Have Heard Of Some People Taking A Loan Out Of Their Ho
Q: have heard of some people taking a loan out of their home equity line of credit to use for a car, so that they can deduct the interest payed on the car (essentially the line of credit) from their taxes in the same manner they deduct interest payed on their mortgage. I am wondering if that is a good idea or not, or if there are certain circumstances where it's a better idea than others. Any suggestions?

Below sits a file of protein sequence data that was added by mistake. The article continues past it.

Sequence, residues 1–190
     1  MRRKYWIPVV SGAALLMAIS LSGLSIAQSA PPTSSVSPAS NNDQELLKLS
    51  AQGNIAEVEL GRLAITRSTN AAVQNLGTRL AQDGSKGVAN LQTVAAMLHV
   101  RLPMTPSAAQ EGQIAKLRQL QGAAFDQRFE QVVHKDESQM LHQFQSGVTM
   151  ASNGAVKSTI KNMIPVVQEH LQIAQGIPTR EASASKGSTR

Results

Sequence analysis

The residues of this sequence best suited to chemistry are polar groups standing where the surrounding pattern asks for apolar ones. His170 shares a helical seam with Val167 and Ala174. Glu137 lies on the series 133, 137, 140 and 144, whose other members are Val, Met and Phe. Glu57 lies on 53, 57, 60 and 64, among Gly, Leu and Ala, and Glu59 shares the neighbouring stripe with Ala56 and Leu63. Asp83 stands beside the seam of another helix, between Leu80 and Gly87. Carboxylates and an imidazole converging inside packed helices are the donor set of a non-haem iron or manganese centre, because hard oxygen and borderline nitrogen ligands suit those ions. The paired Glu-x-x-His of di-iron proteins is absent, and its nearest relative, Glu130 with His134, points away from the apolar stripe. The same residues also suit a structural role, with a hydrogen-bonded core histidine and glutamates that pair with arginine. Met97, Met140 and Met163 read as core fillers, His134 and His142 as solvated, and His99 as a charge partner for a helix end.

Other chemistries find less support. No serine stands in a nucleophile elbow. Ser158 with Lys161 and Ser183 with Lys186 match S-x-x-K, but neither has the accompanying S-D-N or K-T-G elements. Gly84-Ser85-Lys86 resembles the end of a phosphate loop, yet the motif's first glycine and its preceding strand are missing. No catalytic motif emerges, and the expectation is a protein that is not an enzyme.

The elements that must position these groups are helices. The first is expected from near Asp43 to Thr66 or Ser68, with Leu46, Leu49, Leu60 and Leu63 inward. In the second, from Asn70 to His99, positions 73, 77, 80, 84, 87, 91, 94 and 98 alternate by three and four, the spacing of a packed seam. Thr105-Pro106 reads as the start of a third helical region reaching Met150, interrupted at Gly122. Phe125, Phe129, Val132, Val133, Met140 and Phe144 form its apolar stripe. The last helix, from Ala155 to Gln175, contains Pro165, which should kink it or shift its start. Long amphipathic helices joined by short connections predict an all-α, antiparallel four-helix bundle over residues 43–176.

A: There are some issues that may be worth considering: 1. A home equity loan or home equity line of credit is tax deductable only up to a $100,000 lifetime limit if used for purposes other than for home acquisition (if I recall correctly), and then only up to the equity one has in one's residence, so the portion beyond one's equity is not tax deductable for the life of that loan. 2. Depending on your specific tax situation, you might not be able to benefit from being able to take the tax deduction if the total of your itemized deductions don't exceed the standard deduction. 3. Which would you rather have repossessed, the car or the home? If you use your home for collateral (HEL or HELOC), you will have larger payments that you must keep up to keep your house. 4. If you have to relocate for any reason (job, health, to take care of a parent or child, etc.), if you have less than, say, 10% to 15% equity in your place after the HEL or HELOC, you may have to bring money to the table when you close to cover selling costs (sales commissions, etc.). 5. Between the generally lower interest rates (unless you get on to one of those special 0.9% financing deals), tax deductability, and generally stretching the loan over a long period of time, the monthly payments might not seem like much, but over the life of the HEL or HELOC you may be paying much moe for the vehicle this way than you would with a regular car loan (either from the dealer or from your credit union). 6. The lure of "easy payments" and a long-term loan may mean you are still paying for your vehicle years after you replace that vehicle. Repeat the exercise and you may be paying for 2 or even 3 vehicles at the same time. (Of course, this is also true if your car dealer allows you to roll your current car loan into your new car loan.) 7. Often a HEL or HELOC ends up being a stepping stone to getting further into debt. (The sign of this is when one starts moving other loans to the HEL or HELOC and then starts driving up the debts again. For example, one study that I found posted on the FDIC site said that 70% of those who take out a high loan to value second mortgage end up back in credit card debt a year later.) I am not saying a home equity loan or a home equity line of credit is necessissarily bad, but, like many financial decisions, there are both advantages and disadvantages, and both have to be considered before coming up with a decision. For some people, a hoem equity loan or a home equity line of credit is the best fit for their situation, but for some people it turns out to be a bad choice. I think a better way would be to make the car payments _before_ purchasing the car: adding to a savings account each payday and not buying a new car (or in my case, a decent used car) until one has saved up enough money. That way, one doesn't need to purchase comprehensive insurance (unless one wants that level of coverage), and inerest would be paid into your account instead of you paying another party for the privilege of having rented you the money. Many financial institutions have mthods of automating this, such as taking a regular direct deposit (such as payroll direct deposit) and splitting part of it off to feed a savings account automatically, or a "Savings Builder" or "Asset Builder" plan that automatically direct debits your checking account on a regular schedule (e.g., monthly) to build up a money market account or a money market fund. Of course a loan officer or a car salesman would be opposed to you saving up for a purchase because salesmen know that the majority of people who are allowed to "sleep on it" end up "cooling off" (not finding it as important to make that purchase and end up either delaying or not buying at all), and loan officers have financial reinforcement for issuing loans to financially responsible people. And, if the truth be told, I have "cooled off" to several purchases by starting to save up for that purchase and then deciding that it isn't so important after all--and it wasn't. 8) .